The ITS1 fragment amplified (550 bp) was used in a BLASTn search (http://blast.ncbi.nlm.nih.gov/) in GenBank to confirm its identity with the GenBank sequence KU588152, from Tylodelphys sp. metacercaria of Blasco-Costa et al. (Reference Blasco-Costa, Poulin and Presswell2017). The adult diplostomid described above is genetically identical to Tylodelphys sp. of Blasco-Costa et al. (Reference Blasco-Costa, Poulin and Presswell2017) found as a metacercaria in the eyes of bullies (Gobiomorphus cotidianus) from New Zealand. Amplification of the samples was not straightforward due to DNA degradation of the specimens after the birds’ death. However, a 550 bp section of the ITS1 gene was sequenced, which, notwithstanding some ambiguous sites, was closest to the New Zealand Tylodelphys sp. sequence in a BLASTn search in GenBank. Manual base calling was possible for some of the ambiguous sections, and all readable sections were identical to the Tylodelphys sp. metacercaria. A phylogeny depicting its relationship to other Tylodelphys spp. has been presented in Blasco-Costa et al. (Reference Blasco-Costa, Poulin and Presswell2017).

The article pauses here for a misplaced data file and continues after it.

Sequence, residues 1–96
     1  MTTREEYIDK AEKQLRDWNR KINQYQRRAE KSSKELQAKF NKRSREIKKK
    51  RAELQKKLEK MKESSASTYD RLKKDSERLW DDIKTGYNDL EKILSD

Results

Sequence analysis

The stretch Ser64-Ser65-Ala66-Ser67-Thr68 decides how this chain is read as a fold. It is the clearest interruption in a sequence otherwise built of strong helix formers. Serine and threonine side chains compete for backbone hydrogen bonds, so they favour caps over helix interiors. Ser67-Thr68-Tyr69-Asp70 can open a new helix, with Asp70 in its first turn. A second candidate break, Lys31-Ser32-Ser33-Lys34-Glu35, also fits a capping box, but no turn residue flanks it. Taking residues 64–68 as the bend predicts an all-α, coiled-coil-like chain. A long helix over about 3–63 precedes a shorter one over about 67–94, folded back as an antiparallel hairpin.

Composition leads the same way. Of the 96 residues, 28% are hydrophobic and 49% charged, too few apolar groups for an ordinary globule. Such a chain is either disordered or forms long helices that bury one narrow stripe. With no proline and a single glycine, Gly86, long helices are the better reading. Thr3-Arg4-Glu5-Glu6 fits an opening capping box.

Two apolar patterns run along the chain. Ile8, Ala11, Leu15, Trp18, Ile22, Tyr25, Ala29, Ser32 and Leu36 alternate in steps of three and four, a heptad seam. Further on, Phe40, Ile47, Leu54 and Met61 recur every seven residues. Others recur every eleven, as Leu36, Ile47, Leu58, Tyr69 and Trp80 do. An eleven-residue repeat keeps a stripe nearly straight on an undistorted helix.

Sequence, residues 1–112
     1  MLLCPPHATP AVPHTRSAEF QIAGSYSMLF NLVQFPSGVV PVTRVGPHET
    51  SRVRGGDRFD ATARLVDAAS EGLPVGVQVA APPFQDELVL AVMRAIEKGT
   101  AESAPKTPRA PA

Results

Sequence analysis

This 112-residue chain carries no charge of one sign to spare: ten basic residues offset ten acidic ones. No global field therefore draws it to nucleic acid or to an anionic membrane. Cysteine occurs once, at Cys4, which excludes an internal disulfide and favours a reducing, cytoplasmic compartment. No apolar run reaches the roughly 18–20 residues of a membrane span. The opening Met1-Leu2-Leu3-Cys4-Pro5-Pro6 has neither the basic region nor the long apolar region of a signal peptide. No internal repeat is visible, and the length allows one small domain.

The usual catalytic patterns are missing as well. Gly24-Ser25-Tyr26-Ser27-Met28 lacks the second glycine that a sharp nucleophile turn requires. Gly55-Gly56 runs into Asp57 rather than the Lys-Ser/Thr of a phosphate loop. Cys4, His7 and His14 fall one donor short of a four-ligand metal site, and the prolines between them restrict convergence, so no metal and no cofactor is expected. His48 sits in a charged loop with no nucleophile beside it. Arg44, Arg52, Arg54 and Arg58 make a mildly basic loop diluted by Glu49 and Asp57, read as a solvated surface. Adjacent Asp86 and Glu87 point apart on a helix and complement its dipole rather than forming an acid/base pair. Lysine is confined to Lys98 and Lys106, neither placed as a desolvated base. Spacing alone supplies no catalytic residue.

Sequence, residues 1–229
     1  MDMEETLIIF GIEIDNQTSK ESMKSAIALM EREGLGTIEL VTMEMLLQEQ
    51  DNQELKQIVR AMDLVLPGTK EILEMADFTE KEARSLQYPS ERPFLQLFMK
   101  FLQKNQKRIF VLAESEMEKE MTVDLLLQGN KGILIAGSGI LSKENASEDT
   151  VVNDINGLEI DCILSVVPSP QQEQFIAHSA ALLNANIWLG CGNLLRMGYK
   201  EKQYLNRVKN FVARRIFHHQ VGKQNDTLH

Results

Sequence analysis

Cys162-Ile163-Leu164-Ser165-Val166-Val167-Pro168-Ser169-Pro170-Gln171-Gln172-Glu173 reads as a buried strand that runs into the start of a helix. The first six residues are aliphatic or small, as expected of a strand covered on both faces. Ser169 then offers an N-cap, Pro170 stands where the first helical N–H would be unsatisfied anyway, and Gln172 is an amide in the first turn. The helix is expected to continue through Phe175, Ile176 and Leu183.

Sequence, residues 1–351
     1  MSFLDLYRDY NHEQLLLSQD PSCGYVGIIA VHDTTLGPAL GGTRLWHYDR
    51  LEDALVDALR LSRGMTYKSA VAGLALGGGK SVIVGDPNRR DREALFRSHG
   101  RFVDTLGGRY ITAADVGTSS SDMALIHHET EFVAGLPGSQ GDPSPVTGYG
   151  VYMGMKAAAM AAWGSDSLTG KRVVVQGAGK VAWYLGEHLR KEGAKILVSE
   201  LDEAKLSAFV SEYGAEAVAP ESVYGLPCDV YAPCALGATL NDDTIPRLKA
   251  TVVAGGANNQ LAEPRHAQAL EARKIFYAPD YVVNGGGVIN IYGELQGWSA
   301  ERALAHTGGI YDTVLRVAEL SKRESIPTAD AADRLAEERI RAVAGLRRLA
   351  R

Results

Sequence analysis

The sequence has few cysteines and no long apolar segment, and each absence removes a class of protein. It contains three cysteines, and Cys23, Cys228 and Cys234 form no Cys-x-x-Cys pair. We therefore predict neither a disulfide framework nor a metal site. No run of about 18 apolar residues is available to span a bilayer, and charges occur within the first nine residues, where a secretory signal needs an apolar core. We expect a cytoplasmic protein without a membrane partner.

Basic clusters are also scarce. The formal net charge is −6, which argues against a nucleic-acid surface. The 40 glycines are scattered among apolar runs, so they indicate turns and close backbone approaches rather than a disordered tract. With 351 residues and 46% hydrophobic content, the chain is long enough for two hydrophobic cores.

The specimens from the white-faced heron (n = 3 mounted and measured) are, on average, smaller than those from the grebe, with concomitantly smaller measurements throughout, but the metrics overlap (see table 1). In addition, the ratios of body length to various organs and that of the two suckers are very close to those found in the grebe specimens. Combined with the fact that these birds came from the same site, consume a very similar diet and that broader molecular screening of metacercariae from the lake in Blasco-Costa et al. (Reference Blasco-Costa, Poulin and Presswell2017) has only ever found a single metacercarial type in the lake, we are led to conclude that they are the same species. In order to follow good practice in the field, if further heron specimens ever become available it will be desirable to confirm their identification using molecular data.